Because I have spent the entire week researching Texas Extra Virgin Olive Oil and hanging around with olive oil growers, producers, scientists, and retailers …
… I was very cordially invited to the Con’ Olio Olive Oil Dinner at Fonda San Miguel, which was given in honor of Tom Mueller, the author of the groundbreaker book Extra Virginity: The Sublime and Scandalous World of Olive Oil. One of the things I have learned in the last week is that olive oil isn’t just a vegetable oil, extracted from seeds as are the oils of rapeseed, sunflower, and tree nuts; rather, it is a fruit juice. Like other fruit juices it is at it’s best the fresher it is, and in order to be the amazing health and flavor resource it can be, it must be stored properly and used within 12 months of its pressing.
Another thing: when olive oils are properly made and stored, the range of flavors they encompass is as vast and varied as all the varieties of wine. There have been wine dinners focused on the pairings of wine with food; as far as I know this is one of the first Austin dinner focused on the pairing of food with olive oil. (Of course, there was wine, too!)
I got to sit at the same table as Tom Mueller (the Author) and Jeff and Tabitha Conarko, the entrepreneurs who run Con’ Olio premium olive oil and vinegar tasting bar and store. Each course of the dinner was drizzled with a different premium extra virgin olive oil (in the Mediterranean fashion), and it was just a fabulous dinner with conversation to match!
The first course (this is where you will begin to hate me and start planning to become a food writer yourself) was TWO different glass bowls of ceviche: Whitefish Ceviche with Arbequina EVOO (Arbequina is a variety of olive tree native to Spain) and Lobster Ceviche with Con’ Olio’s Blood Orange EVOO. Both were exquisite, naturally (this was Fonda San Miguel after all!), but the Lobster one was by far the very best ceviche I have ever been lucky enough to eat.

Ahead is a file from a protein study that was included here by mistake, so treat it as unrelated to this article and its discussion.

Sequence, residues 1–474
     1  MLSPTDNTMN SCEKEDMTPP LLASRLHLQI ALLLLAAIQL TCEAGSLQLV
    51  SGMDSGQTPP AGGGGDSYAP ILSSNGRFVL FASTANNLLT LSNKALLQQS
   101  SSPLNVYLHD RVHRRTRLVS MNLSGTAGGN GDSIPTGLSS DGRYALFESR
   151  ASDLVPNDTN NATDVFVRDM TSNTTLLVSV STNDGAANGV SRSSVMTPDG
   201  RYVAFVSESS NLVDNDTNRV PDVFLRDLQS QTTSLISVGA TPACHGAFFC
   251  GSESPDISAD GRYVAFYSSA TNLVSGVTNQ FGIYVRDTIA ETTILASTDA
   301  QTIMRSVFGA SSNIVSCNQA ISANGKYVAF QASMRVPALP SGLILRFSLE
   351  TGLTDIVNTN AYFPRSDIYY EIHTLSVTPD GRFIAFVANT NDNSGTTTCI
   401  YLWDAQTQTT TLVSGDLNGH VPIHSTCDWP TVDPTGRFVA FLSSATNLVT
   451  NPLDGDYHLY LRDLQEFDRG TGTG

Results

Second course, a farmers market fresh salad of mango, radish, cucumber, carrot, and strawberry (on top of lettuce and onion) drizzled with Strawberry Balsamic Vinegar and Chemlali Olive oil. Nothing is as good as a nice, fresh salad; it was lovely.
The third course was Pescado Veracruzano—Broiled fish fillet in the traditional Vera Cruz tomato sauce, capers, onions, & Spanish Olives. Finished with Coratina/Frantoio EVOO. As an added surprise, it was served with Rancho Gordo beans. The beans were just cooked simply and salted, but anointed with EVOO, they were timeless.
To top it all off, dessert was authentic Spanish Churros, fried in Olive Oil and served with a decadent chocolate ganache (both were much, much better than the churros and chocolate I had in Spain in May, if that gives you any idea of how superlative this olive oil diner was!)
If you haven’t been to Con’ Olio yet to taste what actual, fresh extra virgin olive oil really is, get your butt down there ASAP! Because this is what food is supposed to be!
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